Formerly the preserve of Minority Report and dystopian novels, facial recognition technology (FRT) is now a burgeoning part of the tech industry and one that is now being trialled by police forces in the UK. But as the news comes that San Francisco has become the first big city to ban the use of the technology, should we be worried?
The chances are, you’ve already encountered FRT. It’s there whenever Facebook suggests you tag a specific person in your photos. South Wales Police used it during the Champions League finals in Cardiff in 2017. It's the technology that powers Face App the mobile app that lets users see what they look like when they get old. The Metropolitan Police used it on shoppers in London in December 2018. In America, Taylor Swift used it at a concert to unearth any of her hundreds of stalkers. In Australia and New Zealand, there are billboards in shopping centres that use facial detection to record shoppers’ mood and reactions. There were even theories that social media’s #10YearChallenge could be used by Facebook to help train facial recognition software. (Facebook denied this.) While there have also been privacy concerns raised about the Russian owned FaceApp.
Now, police forces across the UK are trialling it. Using the software NeoFace, the cameras scan the faces of people who pass them and compare the images with a list of offenders wanted by the police. The potential benefits of the technology are clear. In a crowd of people, the cameras could spot suspects on police watch lists and help ensure their arrest. According to the BBC, there were three arrests on the first day of the trial alone. Think about the crimes it could prevent—or even, in the case of potential terror suspects, the attacks.
But it is facing opposition from those who argue that the use of the technology is eroding our civil liberties and turning the UK into a surveillance state (or Big Brother Britain, to quote one headline). With the benefits come serious implications around issues like privacy. Are we in danger of losing ours?
When it comes to surveillance, the UK already boasts more CCTV cameras per person than almost anywhere else in the world. Add in the new technology and there is the worry that people could be effectively traced and identified wherever they went, eroding our fundamental right to privacy (Article 8 of the Human Rights Act states the Right to a Private Life). The non-profit group Big Brother Watch has been campaigning against the use of FRT for this reason, saying it will take away our civil liberties, as Silkie Carlo, director of the campaign group, claimed in a piece for Time.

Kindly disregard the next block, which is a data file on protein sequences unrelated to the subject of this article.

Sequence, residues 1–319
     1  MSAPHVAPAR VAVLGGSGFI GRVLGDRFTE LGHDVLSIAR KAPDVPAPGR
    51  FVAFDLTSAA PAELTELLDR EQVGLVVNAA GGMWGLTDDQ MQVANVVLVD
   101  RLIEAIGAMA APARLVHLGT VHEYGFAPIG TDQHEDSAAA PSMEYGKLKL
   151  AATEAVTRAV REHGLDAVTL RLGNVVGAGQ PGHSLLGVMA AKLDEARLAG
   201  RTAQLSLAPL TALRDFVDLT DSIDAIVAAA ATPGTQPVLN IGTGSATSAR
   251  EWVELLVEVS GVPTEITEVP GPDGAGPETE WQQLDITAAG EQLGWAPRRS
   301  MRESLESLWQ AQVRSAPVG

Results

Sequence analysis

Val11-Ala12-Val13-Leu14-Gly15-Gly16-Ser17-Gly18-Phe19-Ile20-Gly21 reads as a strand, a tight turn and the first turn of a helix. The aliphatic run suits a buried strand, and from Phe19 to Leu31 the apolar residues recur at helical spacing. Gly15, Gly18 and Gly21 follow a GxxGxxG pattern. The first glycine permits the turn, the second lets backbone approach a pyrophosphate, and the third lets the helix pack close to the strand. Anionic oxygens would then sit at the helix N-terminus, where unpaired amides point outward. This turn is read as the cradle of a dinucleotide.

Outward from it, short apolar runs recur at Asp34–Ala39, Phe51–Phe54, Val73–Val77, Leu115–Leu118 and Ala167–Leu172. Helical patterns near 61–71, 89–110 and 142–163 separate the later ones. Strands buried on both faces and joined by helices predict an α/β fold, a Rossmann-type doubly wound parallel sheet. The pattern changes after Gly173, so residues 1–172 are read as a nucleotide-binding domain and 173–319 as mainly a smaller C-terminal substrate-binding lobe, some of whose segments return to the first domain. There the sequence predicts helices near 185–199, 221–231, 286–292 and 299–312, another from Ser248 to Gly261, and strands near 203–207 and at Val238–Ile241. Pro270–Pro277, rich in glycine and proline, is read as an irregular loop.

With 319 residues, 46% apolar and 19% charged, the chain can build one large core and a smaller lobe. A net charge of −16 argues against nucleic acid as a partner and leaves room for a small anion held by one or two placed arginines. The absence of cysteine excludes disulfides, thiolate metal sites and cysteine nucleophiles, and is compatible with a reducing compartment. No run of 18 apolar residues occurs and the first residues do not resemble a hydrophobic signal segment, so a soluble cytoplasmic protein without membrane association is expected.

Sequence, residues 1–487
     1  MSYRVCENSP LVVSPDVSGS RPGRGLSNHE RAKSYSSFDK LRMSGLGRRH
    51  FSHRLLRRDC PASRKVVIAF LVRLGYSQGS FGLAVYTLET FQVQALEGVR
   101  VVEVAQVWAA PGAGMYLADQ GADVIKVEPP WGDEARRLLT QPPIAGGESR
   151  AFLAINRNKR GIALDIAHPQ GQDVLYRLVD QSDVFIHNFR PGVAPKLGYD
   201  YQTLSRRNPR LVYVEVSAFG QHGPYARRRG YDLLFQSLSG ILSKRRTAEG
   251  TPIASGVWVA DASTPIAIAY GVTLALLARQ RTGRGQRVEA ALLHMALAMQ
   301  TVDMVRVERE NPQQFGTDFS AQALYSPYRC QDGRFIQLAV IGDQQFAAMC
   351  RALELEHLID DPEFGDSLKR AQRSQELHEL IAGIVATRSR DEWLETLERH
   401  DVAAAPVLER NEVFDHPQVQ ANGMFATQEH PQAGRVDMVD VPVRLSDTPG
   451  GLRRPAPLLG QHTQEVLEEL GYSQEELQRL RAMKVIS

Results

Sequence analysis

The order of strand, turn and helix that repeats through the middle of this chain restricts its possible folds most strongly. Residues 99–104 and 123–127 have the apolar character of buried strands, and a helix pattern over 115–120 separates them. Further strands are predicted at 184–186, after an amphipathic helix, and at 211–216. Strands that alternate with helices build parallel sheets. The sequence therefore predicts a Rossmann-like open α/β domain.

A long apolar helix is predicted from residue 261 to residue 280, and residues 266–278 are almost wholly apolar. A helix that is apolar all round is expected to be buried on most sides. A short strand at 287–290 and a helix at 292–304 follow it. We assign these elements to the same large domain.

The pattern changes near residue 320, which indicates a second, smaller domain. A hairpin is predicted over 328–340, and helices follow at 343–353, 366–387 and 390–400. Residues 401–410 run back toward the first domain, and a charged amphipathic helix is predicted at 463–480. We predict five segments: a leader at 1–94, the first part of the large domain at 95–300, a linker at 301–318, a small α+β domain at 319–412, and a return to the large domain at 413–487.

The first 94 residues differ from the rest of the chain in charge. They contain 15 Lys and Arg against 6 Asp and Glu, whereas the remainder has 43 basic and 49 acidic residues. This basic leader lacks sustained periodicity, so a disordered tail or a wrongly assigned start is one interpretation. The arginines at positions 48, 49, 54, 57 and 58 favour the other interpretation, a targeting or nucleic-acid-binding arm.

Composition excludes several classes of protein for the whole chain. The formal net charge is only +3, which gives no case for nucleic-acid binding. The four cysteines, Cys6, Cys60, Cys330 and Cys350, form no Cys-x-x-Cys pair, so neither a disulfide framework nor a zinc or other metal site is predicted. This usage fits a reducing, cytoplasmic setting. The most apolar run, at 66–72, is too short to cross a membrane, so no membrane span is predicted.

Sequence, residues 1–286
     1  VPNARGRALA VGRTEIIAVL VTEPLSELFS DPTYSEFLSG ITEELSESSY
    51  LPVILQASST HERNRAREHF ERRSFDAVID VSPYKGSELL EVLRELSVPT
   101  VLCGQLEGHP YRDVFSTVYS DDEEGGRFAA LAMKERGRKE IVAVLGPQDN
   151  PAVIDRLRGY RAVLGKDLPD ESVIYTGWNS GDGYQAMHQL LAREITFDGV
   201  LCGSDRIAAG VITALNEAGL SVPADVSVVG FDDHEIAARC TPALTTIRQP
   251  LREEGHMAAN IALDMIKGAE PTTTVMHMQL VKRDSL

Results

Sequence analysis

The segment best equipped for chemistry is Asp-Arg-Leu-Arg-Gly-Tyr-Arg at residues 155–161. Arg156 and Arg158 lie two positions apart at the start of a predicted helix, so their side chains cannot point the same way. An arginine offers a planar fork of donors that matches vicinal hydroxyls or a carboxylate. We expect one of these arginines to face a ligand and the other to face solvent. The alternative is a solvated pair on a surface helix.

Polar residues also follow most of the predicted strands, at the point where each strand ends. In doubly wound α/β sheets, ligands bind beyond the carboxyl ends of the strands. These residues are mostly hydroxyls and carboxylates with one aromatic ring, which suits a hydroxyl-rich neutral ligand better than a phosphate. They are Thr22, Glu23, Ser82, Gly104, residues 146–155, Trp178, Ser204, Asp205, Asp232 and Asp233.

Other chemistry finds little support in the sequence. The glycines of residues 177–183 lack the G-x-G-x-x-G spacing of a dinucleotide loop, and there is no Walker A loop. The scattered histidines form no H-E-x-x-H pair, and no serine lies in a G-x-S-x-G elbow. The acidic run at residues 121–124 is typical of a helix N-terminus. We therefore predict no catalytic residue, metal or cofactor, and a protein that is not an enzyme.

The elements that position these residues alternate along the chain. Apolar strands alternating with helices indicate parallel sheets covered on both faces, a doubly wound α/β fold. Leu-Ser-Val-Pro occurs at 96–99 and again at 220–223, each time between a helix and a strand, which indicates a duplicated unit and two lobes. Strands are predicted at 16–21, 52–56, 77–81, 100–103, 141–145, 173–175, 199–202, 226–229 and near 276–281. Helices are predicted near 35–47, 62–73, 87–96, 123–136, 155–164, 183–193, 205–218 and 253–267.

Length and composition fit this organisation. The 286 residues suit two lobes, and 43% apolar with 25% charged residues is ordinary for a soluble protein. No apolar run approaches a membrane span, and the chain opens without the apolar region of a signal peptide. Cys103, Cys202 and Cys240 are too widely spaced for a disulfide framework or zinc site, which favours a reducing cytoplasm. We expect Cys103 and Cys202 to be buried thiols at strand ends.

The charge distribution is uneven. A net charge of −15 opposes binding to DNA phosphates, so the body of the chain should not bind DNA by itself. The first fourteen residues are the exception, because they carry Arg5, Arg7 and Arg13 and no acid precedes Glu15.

If this sounds hyperbolic, it’s not. If you want a look at the possible future use of this technology, you only need to look to China, where it’s being used to monitor its citizens, tracking everything from crime, via FRT smart glasses worn by police, to shopping habits and travel. It’s even entering schools, to monitor children’s engagement.
We’re already seeing the possible implications here in the UK. The Metropolitan Police said that those covering their faces from the cameras in the trials wouldn’t necessarily be viewed more suspiciously. But one man was stopped and then fined £90 after doing just that. His photo was then taken by the police, anyway.
At the moment, there are few legal restrictions in place to protect us. Research from the University of East Anglia and Monash University has shown that the trials are unregulated and have been 'operating in a legal vacuum,' with the academics behind the research called for tighter restrictions to be placed on the use of the tech.
There’s also the concern over reliability. It has already been shown to be inaccurate in trials: 96% of the matches generated between 2016-2018 were false, which means that innocent people were being flagged as criminals. 2,000 people were wrongly matched at the Champions League. Despite this, photos of some of these false matches have been kept and stored on police databases for a month. Its accuracy only worsens when identifying women and black and minority ethnic people, adding to the concerns of false matches thanks to racist technology. Big Brother Watch reported seeing a black 14-year-old in school uniform stopped by police and fingerprinted after the cameras misidentified him.
The pushback has now led to its first UK court case, taking place in Cardiff over the South Wales Police’s use of the cameras. Ed Bridges is claiming he was scanned without his consent at least twice, at both a peaceful anti-arms protest and while doing his Christmas shopping. He will argue that this breaches his human rights. The civil rights group Liberty, which is defending him, has compared it to taking DNA or fingerprints without consent. The case could prove important to defining the legalities around using the technology.
While the police argue that FRT is an important tool, it’s hard not to be concerned about the potential implications over its use and what it could mean for the future. One thing is clear: there need to be greater restrictions and laws in place to protect our basic human rights, including our right to privacy.